(This is a regular column that delves into the widely varied and complicated issues surrounding California’s immense cannabis market from the vantage point of Marijuana Business Daily Senior Reporter John Schroyer. Based in Sacramento, he’s been writing about the cannabis industry since joining MJBizDaily in 2014.)
Obtaining business licenses has been a top challenge for California cannabis companies this year.
But now – in a situation that underscores the ongoing flux in the Golden State’s marijuana market – keeping those licenses has become a priority since much of California’s cannabis industry could come to a halt next spring without action from the governor.
That’s because temporary licenses – which the industry has been operating under this year – are forbidden under state law from being extended after Dec. 31.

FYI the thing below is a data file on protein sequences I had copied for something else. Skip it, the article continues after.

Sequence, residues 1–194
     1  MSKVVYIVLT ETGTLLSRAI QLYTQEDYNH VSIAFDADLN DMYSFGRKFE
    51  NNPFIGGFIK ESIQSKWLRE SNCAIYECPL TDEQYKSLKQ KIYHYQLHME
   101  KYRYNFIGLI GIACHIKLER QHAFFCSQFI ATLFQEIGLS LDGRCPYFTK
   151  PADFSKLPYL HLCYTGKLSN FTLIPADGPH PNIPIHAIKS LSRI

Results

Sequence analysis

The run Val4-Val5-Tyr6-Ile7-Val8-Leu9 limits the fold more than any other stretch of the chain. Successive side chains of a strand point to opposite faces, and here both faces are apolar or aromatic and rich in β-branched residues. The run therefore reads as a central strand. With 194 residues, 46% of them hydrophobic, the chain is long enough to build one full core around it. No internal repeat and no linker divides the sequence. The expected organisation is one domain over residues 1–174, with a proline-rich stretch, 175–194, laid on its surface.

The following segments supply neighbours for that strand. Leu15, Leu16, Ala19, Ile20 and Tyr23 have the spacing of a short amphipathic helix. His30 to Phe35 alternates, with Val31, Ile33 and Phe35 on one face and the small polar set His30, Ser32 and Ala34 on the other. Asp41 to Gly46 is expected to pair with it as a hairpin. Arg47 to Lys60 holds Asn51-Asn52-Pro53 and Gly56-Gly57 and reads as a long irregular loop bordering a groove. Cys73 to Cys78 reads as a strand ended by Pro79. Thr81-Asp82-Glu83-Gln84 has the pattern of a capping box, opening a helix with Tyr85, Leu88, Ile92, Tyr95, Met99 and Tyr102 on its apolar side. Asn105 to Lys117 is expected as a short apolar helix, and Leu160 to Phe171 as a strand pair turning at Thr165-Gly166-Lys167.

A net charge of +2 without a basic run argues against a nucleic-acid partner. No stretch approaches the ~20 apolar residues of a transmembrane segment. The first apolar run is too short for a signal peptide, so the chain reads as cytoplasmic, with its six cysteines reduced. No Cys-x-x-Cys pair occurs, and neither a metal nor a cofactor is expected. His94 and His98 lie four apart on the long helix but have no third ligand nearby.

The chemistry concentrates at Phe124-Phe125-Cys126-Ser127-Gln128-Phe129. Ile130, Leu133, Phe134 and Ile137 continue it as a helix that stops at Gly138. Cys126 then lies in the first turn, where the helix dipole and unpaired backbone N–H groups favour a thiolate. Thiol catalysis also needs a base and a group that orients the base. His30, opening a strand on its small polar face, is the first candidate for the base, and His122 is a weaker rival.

And because temporary licenses have had to be repeatedly renewed throughout 2018, for a maximum of 90 days, that means they’ll all expire by early 2019.
Since the last day for a 90-day extension is Dec. 31, 2018, the longest any given temporary license would allow a California MJ company to legally operate is March 31, 2019.
Bill would right the situation
Enter Senate Bill 1459.
The measure – which cleared the Legislature and is awaiting the governor’s likely signature – would provide a regulatory Band-Aid to avoid a “major disruption in the commercial cannabis marketplace.”
How? The legislation would permit new, 12-month “provisional” licenses. They would differ from full annual business permits and be more like an extension of the easier-to-obtain temporary licenses, industry insiders say.
“Someone who’s applying for an annual license, they have to have full local authorization before the state can issue an annual license to them, and the local jurisdictions are not ready to do that. It’s taking way longer than anyone anticipated,” San Francisco attorney Nicole Neubert said.
“It’s crucial for all of our clients, pretty much. Some people have some local entitlement, but it’s a really small percentage that’s ready to go.”